More than just core knowledge? A framework for effective and high-quality primary geography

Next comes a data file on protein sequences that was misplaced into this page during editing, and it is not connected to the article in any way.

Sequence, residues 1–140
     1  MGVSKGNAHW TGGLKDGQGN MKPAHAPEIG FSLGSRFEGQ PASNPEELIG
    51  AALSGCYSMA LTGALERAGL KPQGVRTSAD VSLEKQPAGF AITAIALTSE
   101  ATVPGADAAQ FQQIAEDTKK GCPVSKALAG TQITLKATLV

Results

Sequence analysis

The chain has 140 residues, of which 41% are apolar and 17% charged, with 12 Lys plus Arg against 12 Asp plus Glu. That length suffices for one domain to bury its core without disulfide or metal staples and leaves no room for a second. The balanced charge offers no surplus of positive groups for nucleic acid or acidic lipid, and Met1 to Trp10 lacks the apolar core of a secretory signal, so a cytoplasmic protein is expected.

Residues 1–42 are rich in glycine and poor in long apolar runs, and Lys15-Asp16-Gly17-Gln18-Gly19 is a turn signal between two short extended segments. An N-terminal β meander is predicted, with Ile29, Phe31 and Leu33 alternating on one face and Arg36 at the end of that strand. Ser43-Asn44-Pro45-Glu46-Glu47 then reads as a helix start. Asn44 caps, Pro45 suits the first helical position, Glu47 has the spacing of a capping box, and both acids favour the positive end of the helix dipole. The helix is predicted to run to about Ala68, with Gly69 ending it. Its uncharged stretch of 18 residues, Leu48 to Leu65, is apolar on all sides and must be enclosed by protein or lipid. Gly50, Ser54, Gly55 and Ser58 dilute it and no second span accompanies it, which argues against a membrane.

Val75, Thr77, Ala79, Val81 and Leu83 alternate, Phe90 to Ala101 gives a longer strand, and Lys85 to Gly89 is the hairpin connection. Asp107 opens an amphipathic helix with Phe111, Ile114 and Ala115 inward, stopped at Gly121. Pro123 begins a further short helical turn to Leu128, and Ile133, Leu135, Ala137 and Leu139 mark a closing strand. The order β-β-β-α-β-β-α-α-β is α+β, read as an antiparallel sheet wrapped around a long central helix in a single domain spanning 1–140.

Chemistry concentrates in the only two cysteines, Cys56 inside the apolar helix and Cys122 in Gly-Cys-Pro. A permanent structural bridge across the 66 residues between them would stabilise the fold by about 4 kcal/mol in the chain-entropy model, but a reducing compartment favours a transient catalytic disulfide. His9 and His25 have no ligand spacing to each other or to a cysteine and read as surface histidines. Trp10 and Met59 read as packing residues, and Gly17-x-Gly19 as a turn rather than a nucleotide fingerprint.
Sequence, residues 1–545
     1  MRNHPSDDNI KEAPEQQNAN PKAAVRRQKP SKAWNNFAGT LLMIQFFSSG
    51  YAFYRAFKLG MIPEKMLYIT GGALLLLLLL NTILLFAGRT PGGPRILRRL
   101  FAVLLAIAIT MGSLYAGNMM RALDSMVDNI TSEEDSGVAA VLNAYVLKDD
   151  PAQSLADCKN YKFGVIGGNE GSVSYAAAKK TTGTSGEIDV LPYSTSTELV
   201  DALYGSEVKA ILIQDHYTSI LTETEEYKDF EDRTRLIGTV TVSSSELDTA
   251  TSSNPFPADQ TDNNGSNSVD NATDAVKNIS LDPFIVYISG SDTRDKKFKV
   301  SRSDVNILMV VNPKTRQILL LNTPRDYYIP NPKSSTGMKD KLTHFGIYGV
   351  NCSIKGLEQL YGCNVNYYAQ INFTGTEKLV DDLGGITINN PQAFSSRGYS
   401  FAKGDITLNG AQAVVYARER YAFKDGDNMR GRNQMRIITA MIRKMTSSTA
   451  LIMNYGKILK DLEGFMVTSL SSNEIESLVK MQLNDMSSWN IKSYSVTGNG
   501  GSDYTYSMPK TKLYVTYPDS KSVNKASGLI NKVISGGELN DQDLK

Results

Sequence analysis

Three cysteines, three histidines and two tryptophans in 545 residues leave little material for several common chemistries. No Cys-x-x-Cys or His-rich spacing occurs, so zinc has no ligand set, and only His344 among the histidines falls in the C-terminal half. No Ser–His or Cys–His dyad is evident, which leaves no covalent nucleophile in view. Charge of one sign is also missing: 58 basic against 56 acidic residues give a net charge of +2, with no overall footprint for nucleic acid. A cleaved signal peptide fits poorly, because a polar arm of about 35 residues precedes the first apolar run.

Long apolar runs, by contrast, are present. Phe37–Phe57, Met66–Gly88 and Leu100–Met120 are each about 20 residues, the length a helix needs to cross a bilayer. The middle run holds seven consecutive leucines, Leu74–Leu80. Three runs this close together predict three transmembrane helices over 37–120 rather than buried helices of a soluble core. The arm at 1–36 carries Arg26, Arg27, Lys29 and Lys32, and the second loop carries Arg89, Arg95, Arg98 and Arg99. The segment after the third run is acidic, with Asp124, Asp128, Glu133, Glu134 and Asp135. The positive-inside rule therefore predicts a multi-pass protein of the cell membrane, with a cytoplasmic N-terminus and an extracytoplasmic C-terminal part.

The factors underpinning effective primary geography might be identiﬁed differently according to individual perspectives, cultural connotations, political imperatives or a mixture of all three. Catling andWilly (2009) identify well-taught geography as being exciting and enjoyable and drawing on a variety of teaching approaches and topical issues. They urge that teaching and content should pay attention to the needs and interests of children. Martin (2008) refers to the liberating notion of ‘ethnogeographies’ as an approach that helps to translate and extend the subject by legitimising everyday experiences as geographical knowledge, whilst Morgan (2011) recognises the tensions that exist between conceptions of place and notions of rigorous geography. Hicks (2006) urged that geography should have a temporal as well as a spatial element to give it a real futures perspective and validity. Scoffham (2013, 9), whilst emphasising the central importance of concepts and skills, reminds us that ‘geography is an extensive area of study with many branches’. This mix of perspectives conveys an impression of rich, contested meanings to be made of and through geography, implying a range of knowledge and skills as well as emotional experiences.